China in Africa = EU’s nightmare

April 23, 2020

Europe has since the post-colonialist era played a central role in the African continent, fostering peace and growth through financial and military aid. The EU has also been a major partner in the World Bank’s projects together with the United States and most of this aid has been tracked down in a clear and transparent way. Since 2009 China has been Africa’s main trading partner while European countries have lost their influence in their former colonies. Europe has not been alone in falling behind the fast growth of investments from the East, also other Western countries seem to face the same challenge.

 

European interests in Africa

European countries' aid missions in Africa surged in the 70s driven mainly by paternalistic reasons, with French, Germans, Italians and later the British, in particular, taking advantage of Africa’s inherited affinity to the old continent. With the decline of these special relationships and of their comparative influence vis-à-vis other foreign powers, the interactions between continents went through a period of stagnation and liberalisation of the agenda based mainly on development aid and democratisation policies. Both because of the vestiges of its paternalistic legacies or because of other important issues at stake, like national safety and migration, there is still a strong military presence of France and other countries, mainly in the Sahel region, with the numerous military bases.

 

What about the European Union as a whole? The EU has since its creation tried to preserve the ties of its members with their former colonies, this mainly to protect their economic interest and access to natural resources. The biggest challenge for the EU, though, was to become an international actor in foreign policy vis-à-vis other sovereign states, both in development aid (European Development Fund) and later in preventing and resolving conflicts. Help provided by the EEC (the EU’s predecessors) before the end of the Cold War was almost unconditioned. With the fall of the Berlin Wall political goals like democracy, human rights, rule of law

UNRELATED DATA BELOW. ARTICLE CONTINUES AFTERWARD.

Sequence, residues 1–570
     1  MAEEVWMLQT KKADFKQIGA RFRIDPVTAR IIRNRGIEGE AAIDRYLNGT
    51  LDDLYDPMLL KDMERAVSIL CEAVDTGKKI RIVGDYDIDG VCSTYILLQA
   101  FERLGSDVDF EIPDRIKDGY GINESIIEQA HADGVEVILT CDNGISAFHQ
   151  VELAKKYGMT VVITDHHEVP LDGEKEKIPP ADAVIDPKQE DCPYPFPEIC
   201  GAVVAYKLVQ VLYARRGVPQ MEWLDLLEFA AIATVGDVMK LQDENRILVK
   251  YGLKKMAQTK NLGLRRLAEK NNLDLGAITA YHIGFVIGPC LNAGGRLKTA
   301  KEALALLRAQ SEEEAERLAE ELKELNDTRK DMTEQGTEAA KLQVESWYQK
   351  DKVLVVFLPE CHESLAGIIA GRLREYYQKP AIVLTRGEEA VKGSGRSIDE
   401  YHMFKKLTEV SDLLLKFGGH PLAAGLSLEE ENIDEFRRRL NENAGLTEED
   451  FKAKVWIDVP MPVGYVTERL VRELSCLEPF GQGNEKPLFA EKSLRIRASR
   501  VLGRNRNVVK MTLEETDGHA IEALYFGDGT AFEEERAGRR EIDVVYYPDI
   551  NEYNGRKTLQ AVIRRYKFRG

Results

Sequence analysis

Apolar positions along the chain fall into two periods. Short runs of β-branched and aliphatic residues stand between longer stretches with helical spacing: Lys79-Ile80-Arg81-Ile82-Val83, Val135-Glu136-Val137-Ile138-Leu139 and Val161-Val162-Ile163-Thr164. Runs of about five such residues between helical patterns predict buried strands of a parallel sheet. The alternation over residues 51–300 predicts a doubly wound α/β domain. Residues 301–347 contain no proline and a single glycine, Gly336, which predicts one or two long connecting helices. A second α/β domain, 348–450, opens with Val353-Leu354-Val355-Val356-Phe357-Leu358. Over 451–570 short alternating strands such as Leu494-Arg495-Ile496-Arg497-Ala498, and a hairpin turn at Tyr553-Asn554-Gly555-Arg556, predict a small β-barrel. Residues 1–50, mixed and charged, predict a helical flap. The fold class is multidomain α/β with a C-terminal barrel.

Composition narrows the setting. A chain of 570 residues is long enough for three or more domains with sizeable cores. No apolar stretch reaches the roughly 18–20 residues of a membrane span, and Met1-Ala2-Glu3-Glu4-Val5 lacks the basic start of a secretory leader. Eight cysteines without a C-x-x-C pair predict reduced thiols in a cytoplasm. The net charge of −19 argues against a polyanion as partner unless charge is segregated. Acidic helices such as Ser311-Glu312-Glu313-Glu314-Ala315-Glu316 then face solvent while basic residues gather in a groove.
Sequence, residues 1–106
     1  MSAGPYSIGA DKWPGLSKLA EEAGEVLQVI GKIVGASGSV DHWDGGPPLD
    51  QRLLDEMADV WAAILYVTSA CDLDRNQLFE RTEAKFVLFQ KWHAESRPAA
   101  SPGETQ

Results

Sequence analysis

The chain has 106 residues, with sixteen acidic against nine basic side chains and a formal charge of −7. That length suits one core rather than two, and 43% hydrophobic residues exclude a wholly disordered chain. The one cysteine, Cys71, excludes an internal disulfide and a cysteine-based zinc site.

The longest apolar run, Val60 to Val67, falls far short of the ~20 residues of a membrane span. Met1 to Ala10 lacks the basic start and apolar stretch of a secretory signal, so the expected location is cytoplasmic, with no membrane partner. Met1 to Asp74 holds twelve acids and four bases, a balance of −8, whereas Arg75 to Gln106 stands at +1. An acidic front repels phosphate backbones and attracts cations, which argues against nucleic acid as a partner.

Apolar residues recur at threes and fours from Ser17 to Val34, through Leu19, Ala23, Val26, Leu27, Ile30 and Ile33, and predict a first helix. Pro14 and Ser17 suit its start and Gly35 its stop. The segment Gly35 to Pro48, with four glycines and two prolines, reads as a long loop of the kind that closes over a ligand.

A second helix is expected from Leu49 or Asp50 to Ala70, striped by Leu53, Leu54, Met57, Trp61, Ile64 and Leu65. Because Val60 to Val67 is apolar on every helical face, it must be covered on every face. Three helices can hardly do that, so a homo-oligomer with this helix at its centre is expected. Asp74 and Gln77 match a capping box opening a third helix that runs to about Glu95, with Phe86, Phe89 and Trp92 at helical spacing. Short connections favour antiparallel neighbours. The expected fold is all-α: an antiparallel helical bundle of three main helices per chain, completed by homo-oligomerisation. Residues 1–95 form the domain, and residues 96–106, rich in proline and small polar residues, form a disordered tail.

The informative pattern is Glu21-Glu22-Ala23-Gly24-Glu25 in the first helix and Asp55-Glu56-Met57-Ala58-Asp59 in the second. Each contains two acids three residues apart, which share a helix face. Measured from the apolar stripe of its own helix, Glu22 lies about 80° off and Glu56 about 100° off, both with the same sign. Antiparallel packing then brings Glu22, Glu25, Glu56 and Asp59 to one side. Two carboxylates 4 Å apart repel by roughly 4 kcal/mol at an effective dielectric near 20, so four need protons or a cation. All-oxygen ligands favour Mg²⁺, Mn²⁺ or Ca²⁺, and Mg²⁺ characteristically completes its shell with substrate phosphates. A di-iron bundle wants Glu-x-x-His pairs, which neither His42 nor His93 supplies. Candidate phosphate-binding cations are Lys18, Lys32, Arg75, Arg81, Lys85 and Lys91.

led to a rethinking of the EU and ACP (African Carribean Pacific) relationships that led to the Cotonou Agreement in 2000, with a validity of 20 years, establishing a bilateral deal between EU and 77 ACP states.

 

While in the beginning the aid was mainly conditional on democratisation and development, with the rising concern about migration, security and migration control became European priorities over economic growth and development. What Europe is trying to do regarding trade, is to regionalize relationships through Economic Partnership Agreements (EPAs). Those are agreements between the EU and five sub-Saharan economic areas. The problem is that while some EPAs were implemented in 2016, others are still at varying stages of finalisation because of a lack of adherence inside regional areas. What is unclear is whether full regional EPAs are really feasible or even desired by single African and European states: For the Europeans because these agreements are reciprocal but asymmetric (EU members  are to cut all of their tariffs while African countries up to 75%). For African countries because a drop in tariff revenues hits local governments, even if there is some sort of compensation for this loss.